‘When we are young we see the present through the window of the future, but when we become old we see the present through the memories of the past,’ mused Korean artist Ik-Joong Kang ahead of the opening of his first major UK commission. It’s a poignant reflection of his Floating Dreams installation launching today on London’s River Thames: an illuminated, cubed structure that reflects on the painful history shared by North and South Korea.
Born in Cheongju and raised in Seoul, Kang has long championed the reunification of the two Koreas through his art. Now based in New York, Kang returned to his native South Korea to gather some 500 drawings by individuals displaced by the Korean War over 66 years ago for this artwork, commissioned especially for this year’s Totally Thames festival. ‘The project's subject is the displaced, but the bigger theme here is unification,’ says the artist.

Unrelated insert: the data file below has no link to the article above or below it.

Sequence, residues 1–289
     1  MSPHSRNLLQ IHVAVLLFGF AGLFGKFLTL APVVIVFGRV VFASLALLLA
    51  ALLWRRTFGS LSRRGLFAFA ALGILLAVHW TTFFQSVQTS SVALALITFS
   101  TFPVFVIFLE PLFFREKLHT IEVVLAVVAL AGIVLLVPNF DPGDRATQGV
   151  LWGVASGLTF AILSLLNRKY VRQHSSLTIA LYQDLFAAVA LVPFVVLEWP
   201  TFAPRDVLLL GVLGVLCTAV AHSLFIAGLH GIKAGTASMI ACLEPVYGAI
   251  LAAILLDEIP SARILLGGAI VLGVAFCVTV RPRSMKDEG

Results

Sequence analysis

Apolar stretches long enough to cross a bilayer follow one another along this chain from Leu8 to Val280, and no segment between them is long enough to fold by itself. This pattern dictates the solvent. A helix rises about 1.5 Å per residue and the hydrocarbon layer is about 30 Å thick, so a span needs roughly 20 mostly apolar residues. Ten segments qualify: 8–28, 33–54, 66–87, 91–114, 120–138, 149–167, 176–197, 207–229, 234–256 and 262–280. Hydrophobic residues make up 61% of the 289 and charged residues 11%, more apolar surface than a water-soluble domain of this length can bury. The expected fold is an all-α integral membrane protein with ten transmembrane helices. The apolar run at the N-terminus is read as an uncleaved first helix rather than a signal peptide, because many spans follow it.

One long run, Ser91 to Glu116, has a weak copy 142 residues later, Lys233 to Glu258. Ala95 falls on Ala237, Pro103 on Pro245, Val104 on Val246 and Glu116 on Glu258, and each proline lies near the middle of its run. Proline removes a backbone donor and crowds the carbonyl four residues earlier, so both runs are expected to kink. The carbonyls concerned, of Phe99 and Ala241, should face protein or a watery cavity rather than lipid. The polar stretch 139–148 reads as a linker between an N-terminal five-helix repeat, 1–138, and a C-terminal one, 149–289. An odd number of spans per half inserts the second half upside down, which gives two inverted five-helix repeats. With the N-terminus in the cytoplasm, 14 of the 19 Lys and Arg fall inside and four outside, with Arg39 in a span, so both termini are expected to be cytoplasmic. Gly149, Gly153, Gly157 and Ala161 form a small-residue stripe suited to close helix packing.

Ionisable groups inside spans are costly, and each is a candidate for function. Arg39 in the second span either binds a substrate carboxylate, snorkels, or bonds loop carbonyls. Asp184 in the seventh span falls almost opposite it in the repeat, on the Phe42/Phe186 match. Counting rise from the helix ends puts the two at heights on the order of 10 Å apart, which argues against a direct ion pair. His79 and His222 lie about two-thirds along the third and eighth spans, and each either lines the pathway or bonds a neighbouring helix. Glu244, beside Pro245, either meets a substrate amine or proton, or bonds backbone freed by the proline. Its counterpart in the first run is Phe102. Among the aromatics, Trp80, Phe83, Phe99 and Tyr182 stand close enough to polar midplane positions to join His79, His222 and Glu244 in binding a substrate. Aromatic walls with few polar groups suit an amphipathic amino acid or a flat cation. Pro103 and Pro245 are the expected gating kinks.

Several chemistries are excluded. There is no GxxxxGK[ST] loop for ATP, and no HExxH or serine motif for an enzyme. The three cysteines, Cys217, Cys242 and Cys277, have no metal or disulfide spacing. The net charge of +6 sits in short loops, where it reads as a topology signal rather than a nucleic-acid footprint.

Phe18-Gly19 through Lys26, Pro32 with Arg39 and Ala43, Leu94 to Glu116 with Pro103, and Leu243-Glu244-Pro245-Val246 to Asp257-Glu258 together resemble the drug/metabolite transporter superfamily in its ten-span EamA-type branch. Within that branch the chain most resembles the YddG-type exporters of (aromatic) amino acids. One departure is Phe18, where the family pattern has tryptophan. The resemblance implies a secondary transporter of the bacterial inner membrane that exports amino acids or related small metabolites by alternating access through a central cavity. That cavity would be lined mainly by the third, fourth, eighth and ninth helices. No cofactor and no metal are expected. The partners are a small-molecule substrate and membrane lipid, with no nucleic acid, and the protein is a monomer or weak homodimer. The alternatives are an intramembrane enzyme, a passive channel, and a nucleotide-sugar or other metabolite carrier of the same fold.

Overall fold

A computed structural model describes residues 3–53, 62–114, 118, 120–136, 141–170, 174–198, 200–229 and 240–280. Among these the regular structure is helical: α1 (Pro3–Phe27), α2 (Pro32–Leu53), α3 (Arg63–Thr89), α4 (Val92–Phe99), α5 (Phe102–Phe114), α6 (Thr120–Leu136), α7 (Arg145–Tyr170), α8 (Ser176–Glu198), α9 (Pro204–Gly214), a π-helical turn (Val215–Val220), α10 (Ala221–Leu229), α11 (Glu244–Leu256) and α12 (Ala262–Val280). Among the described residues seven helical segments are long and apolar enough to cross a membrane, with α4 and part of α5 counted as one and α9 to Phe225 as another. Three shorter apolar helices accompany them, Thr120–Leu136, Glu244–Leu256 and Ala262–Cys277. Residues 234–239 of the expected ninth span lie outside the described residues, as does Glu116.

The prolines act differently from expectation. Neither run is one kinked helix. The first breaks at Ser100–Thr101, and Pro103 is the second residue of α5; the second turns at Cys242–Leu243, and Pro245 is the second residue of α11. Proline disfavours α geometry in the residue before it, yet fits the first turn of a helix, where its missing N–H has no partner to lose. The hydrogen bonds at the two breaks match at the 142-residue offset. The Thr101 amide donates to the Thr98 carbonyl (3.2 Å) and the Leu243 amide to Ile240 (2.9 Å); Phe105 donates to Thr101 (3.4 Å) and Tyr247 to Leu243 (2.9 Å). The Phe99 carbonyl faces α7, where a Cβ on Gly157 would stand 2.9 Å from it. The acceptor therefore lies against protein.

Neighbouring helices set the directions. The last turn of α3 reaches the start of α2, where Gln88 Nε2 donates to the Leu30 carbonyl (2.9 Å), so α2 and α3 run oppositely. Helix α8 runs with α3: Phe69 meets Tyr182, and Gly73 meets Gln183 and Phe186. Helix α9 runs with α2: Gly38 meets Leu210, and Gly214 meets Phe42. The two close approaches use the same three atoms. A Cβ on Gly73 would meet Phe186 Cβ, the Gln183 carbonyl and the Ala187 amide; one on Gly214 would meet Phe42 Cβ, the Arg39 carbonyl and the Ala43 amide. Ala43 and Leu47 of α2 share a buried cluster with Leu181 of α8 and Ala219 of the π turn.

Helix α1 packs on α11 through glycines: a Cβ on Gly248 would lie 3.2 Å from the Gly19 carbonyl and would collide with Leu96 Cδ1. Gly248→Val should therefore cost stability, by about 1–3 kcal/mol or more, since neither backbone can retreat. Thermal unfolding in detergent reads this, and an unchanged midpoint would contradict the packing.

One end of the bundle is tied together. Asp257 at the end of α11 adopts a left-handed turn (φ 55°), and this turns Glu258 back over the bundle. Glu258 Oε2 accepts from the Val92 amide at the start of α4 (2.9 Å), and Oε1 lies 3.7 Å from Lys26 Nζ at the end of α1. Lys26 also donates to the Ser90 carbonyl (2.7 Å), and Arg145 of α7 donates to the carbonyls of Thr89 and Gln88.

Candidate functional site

A sculpture of a child holding a flashing light stands atop Floating Dreams, which Kang explains is symbolic of the memories his subjects – now in their 80s and 90s – were forced to reconcile in emotional sittings. Kang explains, ‘These elderly displaced people in Korea are earlier examples of refugees. I wanted to create a monument dedicated to the refugees all over the world, made by the people who were forced to leave their hometowns.’
His subjects were invited to recall their hometowns in the form of miniature illustrations – small enough to fit in the palm of one’s hand – which were then transferred onto 26 sq inch sheets of hanji, a traditional Korean rice paper, for the final artwork. These small canvases form the backbone of Kang’s practice, and are often presented as mosaics, becoming increasingly vast and ambitious in scope.
Installed next to the Millennium Bridge, Kang’s latest artwork has found a serendipitous (if only temporary) home. Much like its river neighbour, Floating Dreams bridges the past with the future with stirring optimism.